The campus and the surrounding community shared in the excitement and celebration of the event, and offered their praise and commendations to Cushman on his leadership thus far, and their hopes for his success in the future.
“Dr. Cushman’s vision of inclusivity for Pacific Union College upholds its long-standing tradition of academic excellence and service to the community. I look forward to our continued partnership and welcome Dr. Cushman to the Napa County community,” said Diane Dillon, Napa County supervisor.
“This school year, I have first-handedly experienced Dr. Cushman’s active participation in student-led programs and activities. He has quickly become appreciated for his availability and leadership style that prioritizes listening. With a shared love of our campus’ surroundings, I am encouraged and excited to work with him next year toward the vision that students, faculty, staff, community, and board members have crafted for PUC,” remarked junior business and communication major Kenzie Hardy, incoming president of the Student Association.
“When I first met Bob, I was intrigued by his sincerity and down-to-earth personality,” said professor Michelle Rai, chair of the department of communication. “I’ve appreciated his transparent and strategic leadership during his first year at PUC. He listens to all sides before making decisions and has fostered trust between the administration and faculty. I am optimistic about PUC’s future with Bob at the helm.”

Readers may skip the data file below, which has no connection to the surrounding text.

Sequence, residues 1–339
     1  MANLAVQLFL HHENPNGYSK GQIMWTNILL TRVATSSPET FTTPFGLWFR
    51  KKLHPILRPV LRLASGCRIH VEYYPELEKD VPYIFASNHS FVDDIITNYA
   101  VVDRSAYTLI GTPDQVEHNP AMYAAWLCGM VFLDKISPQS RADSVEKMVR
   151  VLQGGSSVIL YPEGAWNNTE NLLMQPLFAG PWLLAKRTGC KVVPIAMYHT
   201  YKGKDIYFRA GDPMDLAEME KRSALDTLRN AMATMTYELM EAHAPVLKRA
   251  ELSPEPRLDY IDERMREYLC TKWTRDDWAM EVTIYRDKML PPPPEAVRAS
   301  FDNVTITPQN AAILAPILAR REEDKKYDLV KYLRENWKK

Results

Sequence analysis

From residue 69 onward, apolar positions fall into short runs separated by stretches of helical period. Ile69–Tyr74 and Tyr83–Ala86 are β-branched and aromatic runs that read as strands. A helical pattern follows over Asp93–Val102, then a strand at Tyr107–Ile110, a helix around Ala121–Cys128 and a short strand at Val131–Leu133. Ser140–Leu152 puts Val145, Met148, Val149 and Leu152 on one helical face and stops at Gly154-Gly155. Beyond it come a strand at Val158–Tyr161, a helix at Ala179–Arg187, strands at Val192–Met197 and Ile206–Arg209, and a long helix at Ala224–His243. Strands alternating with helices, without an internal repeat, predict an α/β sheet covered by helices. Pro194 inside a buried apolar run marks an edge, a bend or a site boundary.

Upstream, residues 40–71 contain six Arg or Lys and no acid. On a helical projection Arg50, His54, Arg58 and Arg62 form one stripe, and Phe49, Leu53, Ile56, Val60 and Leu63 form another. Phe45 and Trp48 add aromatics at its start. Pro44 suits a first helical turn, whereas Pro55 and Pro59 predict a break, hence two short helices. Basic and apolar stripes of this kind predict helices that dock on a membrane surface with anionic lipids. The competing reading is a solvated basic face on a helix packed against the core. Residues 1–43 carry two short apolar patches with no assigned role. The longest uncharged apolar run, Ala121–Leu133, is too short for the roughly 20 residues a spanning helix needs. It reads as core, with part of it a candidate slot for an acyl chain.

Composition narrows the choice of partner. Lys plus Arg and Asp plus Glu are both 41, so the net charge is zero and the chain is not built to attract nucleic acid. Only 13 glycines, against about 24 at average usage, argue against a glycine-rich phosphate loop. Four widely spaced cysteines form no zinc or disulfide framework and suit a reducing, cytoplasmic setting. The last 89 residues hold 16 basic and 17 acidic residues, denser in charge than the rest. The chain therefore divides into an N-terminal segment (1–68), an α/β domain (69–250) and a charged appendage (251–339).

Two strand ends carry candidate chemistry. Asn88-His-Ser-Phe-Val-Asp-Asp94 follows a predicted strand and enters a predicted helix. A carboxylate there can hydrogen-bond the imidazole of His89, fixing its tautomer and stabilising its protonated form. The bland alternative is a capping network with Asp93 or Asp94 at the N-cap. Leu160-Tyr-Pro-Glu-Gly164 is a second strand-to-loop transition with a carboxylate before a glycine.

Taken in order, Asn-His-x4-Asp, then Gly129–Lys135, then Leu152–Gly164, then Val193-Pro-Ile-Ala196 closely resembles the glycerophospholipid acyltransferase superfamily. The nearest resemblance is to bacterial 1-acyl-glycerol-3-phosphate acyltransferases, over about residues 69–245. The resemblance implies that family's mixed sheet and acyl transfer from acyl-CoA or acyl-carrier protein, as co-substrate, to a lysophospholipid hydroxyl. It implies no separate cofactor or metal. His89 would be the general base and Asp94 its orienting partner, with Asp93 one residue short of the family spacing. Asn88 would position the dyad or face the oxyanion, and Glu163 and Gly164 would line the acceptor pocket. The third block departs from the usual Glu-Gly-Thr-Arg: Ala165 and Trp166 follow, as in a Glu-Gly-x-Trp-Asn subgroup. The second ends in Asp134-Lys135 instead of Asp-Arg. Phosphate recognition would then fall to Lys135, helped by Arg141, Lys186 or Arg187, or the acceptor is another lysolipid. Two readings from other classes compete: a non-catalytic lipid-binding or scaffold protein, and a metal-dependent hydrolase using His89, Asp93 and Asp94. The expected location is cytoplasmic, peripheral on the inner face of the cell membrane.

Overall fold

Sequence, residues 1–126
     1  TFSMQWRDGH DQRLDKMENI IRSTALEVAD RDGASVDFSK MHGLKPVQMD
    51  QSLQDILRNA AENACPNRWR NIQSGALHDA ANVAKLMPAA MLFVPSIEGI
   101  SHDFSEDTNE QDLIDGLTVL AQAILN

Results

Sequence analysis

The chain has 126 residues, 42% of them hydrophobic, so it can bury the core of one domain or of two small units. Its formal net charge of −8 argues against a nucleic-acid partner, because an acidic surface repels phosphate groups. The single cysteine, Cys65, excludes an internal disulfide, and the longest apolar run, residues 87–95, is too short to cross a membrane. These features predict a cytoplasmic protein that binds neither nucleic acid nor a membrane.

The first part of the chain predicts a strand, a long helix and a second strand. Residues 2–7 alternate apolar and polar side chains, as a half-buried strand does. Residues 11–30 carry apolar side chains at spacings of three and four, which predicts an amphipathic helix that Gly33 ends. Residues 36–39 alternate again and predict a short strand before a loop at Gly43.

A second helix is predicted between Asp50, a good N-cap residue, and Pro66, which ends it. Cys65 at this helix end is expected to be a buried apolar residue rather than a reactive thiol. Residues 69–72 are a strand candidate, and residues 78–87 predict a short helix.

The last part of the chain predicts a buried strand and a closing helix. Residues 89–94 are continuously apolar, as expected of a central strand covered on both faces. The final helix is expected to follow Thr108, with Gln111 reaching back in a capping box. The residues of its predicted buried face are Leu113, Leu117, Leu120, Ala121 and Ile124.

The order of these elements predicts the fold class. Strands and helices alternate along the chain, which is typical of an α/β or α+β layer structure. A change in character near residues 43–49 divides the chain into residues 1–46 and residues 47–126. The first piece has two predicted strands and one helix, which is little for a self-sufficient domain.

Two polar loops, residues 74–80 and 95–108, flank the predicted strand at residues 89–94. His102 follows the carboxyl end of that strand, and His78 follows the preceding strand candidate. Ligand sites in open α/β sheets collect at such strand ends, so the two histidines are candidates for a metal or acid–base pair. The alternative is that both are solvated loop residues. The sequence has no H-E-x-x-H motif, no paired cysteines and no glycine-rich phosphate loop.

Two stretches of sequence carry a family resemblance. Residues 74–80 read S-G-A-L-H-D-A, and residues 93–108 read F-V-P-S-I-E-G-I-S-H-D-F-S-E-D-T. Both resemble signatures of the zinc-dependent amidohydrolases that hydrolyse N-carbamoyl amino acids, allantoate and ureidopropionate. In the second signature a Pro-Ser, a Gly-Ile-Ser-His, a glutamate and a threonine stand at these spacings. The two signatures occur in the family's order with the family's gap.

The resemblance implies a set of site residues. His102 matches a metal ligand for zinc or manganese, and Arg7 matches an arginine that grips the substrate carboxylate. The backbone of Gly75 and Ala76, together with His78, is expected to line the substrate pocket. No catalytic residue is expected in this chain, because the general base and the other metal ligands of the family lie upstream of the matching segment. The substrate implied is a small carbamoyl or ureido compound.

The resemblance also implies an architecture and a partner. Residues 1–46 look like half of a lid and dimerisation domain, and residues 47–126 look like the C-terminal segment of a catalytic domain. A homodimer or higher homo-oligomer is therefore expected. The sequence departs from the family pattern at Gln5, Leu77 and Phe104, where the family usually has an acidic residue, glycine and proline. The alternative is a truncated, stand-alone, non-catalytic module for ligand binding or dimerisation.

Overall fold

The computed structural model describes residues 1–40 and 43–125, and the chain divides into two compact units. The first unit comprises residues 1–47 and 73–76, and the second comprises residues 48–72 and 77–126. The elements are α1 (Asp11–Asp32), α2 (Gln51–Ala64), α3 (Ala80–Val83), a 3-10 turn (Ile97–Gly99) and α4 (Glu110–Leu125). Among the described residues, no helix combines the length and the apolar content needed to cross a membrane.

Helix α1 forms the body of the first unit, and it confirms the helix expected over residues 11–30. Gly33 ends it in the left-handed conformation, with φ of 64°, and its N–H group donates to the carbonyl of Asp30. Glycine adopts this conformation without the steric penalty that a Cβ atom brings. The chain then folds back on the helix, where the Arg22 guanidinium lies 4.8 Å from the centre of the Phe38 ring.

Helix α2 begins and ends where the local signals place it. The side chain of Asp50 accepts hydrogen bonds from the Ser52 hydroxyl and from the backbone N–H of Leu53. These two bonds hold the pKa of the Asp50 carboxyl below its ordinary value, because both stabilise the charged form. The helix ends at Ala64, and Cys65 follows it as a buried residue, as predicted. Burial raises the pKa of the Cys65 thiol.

“As an alum, PUC is very near and dear to my heart. As an employee, every day I look forward to working with our student leaders, student body, and Dr. Cushman. Knowing his goal is to continue helping PUC be a vibrant and collaborative learning community assures me PUC is in great hands,” shared J.R. Rogers, associate vice president of student life.
“I first met Bob over 20 years ago at Loma Linda University when he became my major professor. Bob taught me so much in that time and that has made me a big part of who I am today,” commented professor Aimee Wyrick, chair of the department of biology. “He was the first professor to ask me to use his first name—and I love him for that! He also taught me challenges are much more fun and interesting than the alternative. Through it all he has modelled a life committed to Christ, his family, and education. I’m thrilled to have Bob teach you all as well as he has taught me.”
A reception at the Paulin Hall fountain immediately followed the inauguration, where the campus community gathered together to celebrate the future of Pacific Union College and Cushman’s leadership.
Founded in 1882, Pacific Union College is a fully accredited liberal arts college serving more than 1,200 students. The college’s overall program offers a full lineup of bachelor’s degrees as well as several associate degrees, one master’s degree, and pre-professional and degree completion programs. A destination campus in California, PUC is Napa Valley’s only four-year college and is affiliated with the Adventist Church.
Listen to this story:
This press release was written by Pacific Union College. Image courtesy of PUC.
We invite you to join our community through conversation by commenting below. We ask that you engage in courteous and respectful discourse. You can view our full commenting policy by clicking here.